Mark Halperin: Obama Is Underappreciated Success
The right never liked him and never will. The left worries he’s caved to the right. But the Obama presidency is a great success, says Time‘s Mark Halperin.
It is too early to assess the ultimate measure of victory: whether the President’s actions have been prudent and beneficial, domestically and internationally. But by Election Day 2010, Obama will have soundly achieved many of his chief campaign promises while running a highly competent, scandal-free government. Not bad for a guy whose opponents (in both parties) for the White House suggested that he was too green in national life to know how to do the job — and whose presidency began in the midst of a worldwide economic crisis that demanded urgent attention and commanded much of his focus.
Besides a competent staff of team players, there have been some real accomplishments.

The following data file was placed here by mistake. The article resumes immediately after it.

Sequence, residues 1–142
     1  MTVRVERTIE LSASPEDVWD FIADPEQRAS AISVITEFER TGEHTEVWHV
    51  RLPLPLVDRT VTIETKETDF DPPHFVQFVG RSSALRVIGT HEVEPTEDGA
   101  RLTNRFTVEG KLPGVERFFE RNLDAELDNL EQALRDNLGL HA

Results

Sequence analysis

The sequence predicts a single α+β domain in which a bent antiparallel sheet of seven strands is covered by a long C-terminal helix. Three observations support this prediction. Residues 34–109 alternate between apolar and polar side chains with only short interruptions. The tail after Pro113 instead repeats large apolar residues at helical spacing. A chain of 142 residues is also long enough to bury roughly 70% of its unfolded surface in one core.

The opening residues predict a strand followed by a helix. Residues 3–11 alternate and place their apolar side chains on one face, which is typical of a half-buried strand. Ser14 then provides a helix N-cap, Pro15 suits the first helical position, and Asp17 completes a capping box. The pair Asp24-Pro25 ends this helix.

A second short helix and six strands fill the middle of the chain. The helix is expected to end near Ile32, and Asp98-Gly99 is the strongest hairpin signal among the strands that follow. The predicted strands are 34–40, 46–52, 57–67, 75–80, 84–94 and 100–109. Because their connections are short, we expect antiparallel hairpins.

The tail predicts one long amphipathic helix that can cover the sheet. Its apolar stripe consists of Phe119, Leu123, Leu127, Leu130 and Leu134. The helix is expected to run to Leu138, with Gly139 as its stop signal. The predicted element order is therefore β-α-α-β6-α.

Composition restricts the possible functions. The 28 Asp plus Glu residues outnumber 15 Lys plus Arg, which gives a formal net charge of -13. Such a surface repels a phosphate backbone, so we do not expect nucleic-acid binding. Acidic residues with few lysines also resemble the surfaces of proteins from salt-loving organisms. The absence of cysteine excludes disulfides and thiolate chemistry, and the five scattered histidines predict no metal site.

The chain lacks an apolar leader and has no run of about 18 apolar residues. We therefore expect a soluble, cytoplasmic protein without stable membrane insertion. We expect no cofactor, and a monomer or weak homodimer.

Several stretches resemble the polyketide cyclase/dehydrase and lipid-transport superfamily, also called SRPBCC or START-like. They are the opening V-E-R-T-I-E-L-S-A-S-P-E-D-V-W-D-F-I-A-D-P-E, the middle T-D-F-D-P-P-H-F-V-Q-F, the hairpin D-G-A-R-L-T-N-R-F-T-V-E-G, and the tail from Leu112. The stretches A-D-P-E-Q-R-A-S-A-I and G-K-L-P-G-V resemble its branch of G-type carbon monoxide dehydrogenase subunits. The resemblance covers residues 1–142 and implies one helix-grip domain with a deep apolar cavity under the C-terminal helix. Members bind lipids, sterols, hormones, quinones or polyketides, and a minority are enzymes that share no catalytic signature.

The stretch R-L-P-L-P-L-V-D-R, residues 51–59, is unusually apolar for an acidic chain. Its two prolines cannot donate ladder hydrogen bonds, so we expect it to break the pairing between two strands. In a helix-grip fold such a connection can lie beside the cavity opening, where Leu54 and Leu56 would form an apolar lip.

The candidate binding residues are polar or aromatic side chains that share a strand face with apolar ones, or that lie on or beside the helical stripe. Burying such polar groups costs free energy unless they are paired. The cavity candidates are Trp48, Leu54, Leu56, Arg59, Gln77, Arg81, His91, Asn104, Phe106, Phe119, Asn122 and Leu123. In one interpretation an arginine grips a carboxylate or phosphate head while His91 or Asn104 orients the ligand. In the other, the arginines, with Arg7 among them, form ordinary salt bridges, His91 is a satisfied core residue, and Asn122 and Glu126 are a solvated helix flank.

Obama acted decisively to stop the world from going into economic depression, after inheriting a mess from his predecessor. Quibble all you wish about the dimensions of the stimulus law or the administration of TARP or the Detroit bailout, but the actions taken were professionally handled, apparently necessary and, so far, constructive. Strikingly underrated by the Washington press corps are Obama’s gains on education policy, including a willingness to confront the education establishment on standards for both teachers and students. Overseas, Obama has snagged an arms-reduction deal with Russia, managed the wars in Afghanistan and Iraq exactly as promised, eliminated numerous terrorist leaders through an aggressive targeting operation and laid the groundwork for dealing with Iran and, perhaps, North Korea.Click here for reuse options!
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